Protecting Vulnerable Populations: Ableism, Classism, and Personal Rights

Discussion – Week 5
Protecting Vulnerable Populations: Ableism, Classism, and Personal Rights
A culture’s development of negative attitudes and perpetuation of negative messages about those affected by poverty culminates in cultural classism—a pervasive attitude that teaches people to devalue the poor and admire and value those in the higher socio-economic strata. As indicated in the quote at the beginning of the introduction to this week, “Poverty causes disabilities and can furthermore lead to secondary disabilities for those individuals who are already people with disabilities…” (The World Bank, 2010), ableism (discrimination against people with disabilities) can be a subset of classism.  In this case, people with disabilities are the victims of double discrimination: once for being people with disabilities and again for being poor when those disabilities lead to socio-economic hardship.
In a society in which classism and ableism are closely connected, one is judged negatively based on his or her physicaldifferences and economic disadvantages. (The word disadvantages is used in conjunction with these various “isms” because one’s race and color, gender, sexual orientation, and/or socio-economic status are often used as markers and bases for oppression, discrimination, and prejudice.) This kind of judgment of the poor and people with disabilities leads to discrimination and results in difficulties in the area of personal relationships.
In this Discussion, you will focus on the issues of people with disabilities and their personal rights with regard to physical relationships. You will examine how ableism and classism are closely connected.
To Prepare for this discussion:
Review the journal article “Discrimination, Sexuality, and People with Significant Disabilities: Issues of Access and the Right to Sexual Expression in the United States.” Also review the website and the media in this week’s Resources.
Week 5 Learning Resources
This page contains the Learning Resources for this week. Be sure to scroll down the page to see all of this week’s assigned Learning Resources.
Required Resources
•Koppelman, K. L. (2014). Understanding human differences: Multicultural education for a diverse America (4th ed.). Upper Saddle River, NJ: Pearson.
oSection 3, “Contemporary Dilemmas for Intergroup Relations”
Chapter 9, “Classism: Misperceptions and Myths About Income, Wealth, and Poverty” (pp. 206–239)
Chapter 12, “Ableism: Disability Does Not Mean Inability” (pp. 289–313)
•Wade, H. A. (2002). Discrimination, sexuality and people with significant disabilities: Issues of access and the right to sexual expression in the United States. Disability Studies Quarterly, 22(4), 9–27. Retrieved from
•Walden University. (2013a). Academic writing expectations (AWE). Retrieved from
•Walden University. (2013b). Common reference list examples. Retrieved from
•Walden University. (2013c). Literature reviews. Retrieved from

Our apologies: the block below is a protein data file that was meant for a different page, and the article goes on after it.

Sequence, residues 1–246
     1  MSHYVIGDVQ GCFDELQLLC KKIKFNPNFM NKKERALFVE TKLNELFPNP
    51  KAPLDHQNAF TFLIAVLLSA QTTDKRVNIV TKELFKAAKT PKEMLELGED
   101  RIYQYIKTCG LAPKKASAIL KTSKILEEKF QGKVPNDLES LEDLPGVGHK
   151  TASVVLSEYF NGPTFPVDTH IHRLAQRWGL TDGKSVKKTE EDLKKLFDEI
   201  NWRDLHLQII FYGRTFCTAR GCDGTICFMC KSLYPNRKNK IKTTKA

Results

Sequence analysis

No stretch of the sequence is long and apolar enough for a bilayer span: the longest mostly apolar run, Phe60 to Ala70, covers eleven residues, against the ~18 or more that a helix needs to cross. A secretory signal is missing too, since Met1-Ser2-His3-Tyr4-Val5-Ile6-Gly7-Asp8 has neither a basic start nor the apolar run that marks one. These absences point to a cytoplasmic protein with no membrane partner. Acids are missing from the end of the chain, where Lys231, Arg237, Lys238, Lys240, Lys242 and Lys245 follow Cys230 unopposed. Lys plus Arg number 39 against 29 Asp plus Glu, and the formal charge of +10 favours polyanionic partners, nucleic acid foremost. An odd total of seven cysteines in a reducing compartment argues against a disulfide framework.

•Walden University. (2013d). Paper templates. Retrieved from
•Kids Together. (2010). Our mission. Retrieved from
Note: This advocacy site is for parents and children. It focuses on disability issues and includes explanations of legislation affecting children of all ages with disabilities. It contains many articles, cartoons, videos, and much more. It is a comprehensive site for people of all ages who have a disability or have family members with a disability.
•The World Bank. (2010). Poverty and disability. Retrieved from,,contentMDK:20193783~menuPK:419389~pagePK:148956~piPK:216618~theSitePK:282699,00.html
Note: This is an excellent website devoted to national and global issues of poverty, with a focus on social issues that accompany the scourge of poverty. The motto of the World Bank Group is “Working for a World Free of Poverty.”
•American Civil Liberties Union (Producer). (2012c). The three faces of racial profiling panel discussion [Video file]. Retrieved from
On October 27, 2011, the ACLU held a policy discussion directed at the conversation on racial profiling and the growth of this unconstitutional and ineffective practice. This hour-long video provides an in-depth discussion on racial profiling, broadening the discussion to include all aspects of racial profiling to raise public consciousness about this issue.
Discussion Question:
What are the issues and limitations involved when individuals with developmental disabilities become romantically and/or sexually involved.
In your posting, include the following:
The possible assumptions you may make and the possible controversies and impacts that might arise in relationships between persons with disabilities
Barriers that people with disabilities face when dealing with relationships, including aspects of those relationships that others might take for granted
A discussion of whether people with disabilities should be considered a minority group and what this means for their rights
An explanation of how ableism and classism are related